“Okay,” I say.
I shake my head. We get to the corner of the Battle Square, Fallujah Surgical straight ahead of us, and turn right.
Jewett says, “Well, it’s something to tell my mom about, finally.”
“Yeah,” I say. “Something to tell Jessie about.”
“When’s the last time you talked to her?”
“Week and a half.”
Jewett doesn’t say anything to that. I look down at my wedding band. Jessie and I’d gotten a courthouse wedding a week before I deployed so that if I died, Jessie’d get benefits. It doesn’t feel like I’m married.
“What am I supposed to tell her?” I say.
“She thinks I’m a badass. She thinks I’m in danger.”
“We get mortared from time to time.”
I give Jewett a flat look.
“It’s something,” he says. “Anyway, now you can say you got some bad guys.”
“Maybe.” I look at my watch. “It’s zero four, her time. I’ll have to wait before I can tell her what a hero I am.”
“That’s what I tell my mom every day.”
When we get near the cans, I tell Jewett I left something at the gun line and peel off.
The gun line’s a two minute walk. As I get closer the palm trees thin out into desert, and I can see the Camp Fallujah post office. Here the sky expands to the edge of the horizon. It’s perfectly blue and cloudless, as it has been every day for the last two months. I can see the guns pointing up into the air. Only Guns Two and Three are manned, and their Marines are just sitting around. When I got here this morning all the guns were manned and everybody was frantic. The sky was black, with just a touch of red bleeding in from the rim of the horizon. In the half-light, you could see the outline of the massive, forty-feet long, dark steel barrels pointed into the dark morning sky and below them the shapes of Marines hustling about, checking the guns, the rounds, the powder.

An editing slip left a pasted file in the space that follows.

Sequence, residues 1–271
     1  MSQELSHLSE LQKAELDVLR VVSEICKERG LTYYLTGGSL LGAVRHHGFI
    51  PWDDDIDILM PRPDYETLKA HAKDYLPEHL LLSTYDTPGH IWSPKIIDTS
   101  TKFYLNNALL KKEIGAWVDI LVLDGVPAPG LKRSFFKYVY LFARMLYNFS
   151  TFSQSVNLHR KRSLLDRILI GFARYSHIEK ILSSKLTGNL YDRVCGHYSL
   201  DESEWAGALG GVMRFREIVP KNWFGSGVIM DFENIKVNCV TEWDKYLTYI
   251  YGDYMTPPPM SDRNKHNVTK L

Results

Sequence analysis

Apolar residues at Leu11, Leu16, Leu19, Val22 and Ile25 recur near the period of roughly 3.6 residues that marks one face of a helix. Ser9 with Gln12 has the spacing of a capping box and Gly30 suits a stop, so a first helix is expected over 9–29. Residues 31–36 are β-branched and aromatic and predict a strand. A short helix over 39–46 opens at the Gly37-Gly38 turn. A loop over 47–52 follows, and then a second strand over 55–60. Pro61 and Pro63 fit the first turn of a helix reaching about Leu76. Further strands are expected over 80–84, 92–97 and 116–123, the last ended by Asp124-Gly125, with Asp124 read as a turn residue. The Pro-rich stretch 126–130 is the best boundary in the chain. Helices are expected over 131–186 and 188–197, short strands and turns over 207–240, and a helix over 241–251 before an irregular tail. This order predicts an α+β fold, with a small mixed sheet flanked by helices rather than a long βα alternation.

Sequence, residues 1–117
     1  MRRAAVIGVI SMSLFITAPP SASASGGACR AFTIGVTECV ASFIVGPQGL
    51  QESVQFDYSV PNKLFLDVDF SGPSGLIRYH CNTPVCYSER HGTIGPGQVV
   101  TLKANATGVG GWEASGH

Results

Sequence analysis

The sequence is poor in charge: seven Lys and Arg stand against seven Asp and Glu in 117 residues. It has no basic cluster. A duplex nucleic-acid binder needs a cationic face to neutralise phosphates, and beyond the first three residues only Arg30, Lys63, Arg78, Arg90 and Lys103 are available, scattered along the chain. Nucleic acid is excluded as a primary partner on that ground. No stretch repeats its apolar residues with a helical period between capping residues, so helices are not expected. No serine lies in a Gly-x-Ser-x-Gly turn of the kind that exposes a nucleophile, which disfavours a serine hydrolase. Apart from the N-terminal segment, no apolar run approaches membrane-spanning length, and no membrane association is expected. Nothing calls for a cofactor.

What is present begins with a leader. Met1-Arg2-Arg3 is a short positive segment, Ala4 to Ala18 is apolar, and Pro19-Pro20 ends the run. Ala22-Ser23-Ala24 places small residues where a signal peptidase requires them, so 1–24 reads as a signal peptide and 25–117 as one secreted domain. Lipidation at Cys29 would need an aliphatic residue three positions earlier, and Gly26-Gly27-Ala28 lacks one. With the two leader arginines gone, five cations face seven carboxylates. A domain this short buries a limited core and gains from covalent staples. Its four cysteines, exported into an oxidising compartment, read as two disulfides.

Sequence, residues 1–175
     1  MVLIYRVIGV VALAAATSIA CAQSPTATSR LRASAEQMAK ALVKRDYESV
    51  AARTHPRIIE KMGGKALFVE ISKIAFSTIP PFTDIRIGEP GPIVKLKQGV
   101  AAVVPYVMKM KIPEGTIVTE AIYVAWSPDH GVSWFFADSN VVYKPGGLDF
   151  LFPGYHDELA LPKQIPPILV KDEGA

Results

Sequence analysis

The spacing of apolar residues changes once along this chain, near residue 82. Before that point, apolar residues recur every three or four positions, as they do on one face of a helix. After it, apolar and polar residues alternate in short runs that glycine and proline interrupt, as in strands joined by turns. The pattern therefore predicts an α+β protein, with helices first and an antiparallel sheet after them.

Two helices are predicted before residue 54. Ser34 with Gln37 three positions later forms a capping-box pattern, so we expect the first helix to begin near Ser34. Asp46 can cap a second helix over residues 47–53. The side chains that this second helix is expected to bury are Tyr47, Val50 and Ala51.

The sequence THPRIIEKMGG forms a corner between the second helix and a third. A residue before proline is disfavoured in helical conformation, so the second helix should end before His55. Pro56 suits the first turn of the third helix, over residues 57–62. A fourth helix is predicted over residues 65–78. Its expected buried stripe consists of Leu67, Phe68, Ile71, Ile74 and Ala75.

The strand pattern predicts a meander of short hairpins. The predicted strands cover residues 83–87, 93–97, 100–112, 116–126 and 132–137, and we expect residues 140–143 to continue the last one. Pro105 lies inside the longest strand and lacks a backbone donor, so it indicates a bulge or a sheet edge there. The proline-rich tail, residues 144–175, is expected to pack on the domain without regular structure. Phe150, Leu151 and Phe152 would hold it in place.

In the daylight, the guns shine crisp in the sun but earlier this morning was dark and dirty. Me and Bolander and Jewett stood in the back right, waiting by the ammo while Sanchez called out the quadrant and deflection they were giving to Gun Three.
I had put my hands on one of our rounds, the first one we sent out. Also the first I’d ever fired at human targets. I’d wanted to lift it up right then and there, feel the heft of it in my shoulders. I had trained to load those rounds. Trained so much I had scars on my hands from when they had slammed on my fingers or torn my skin.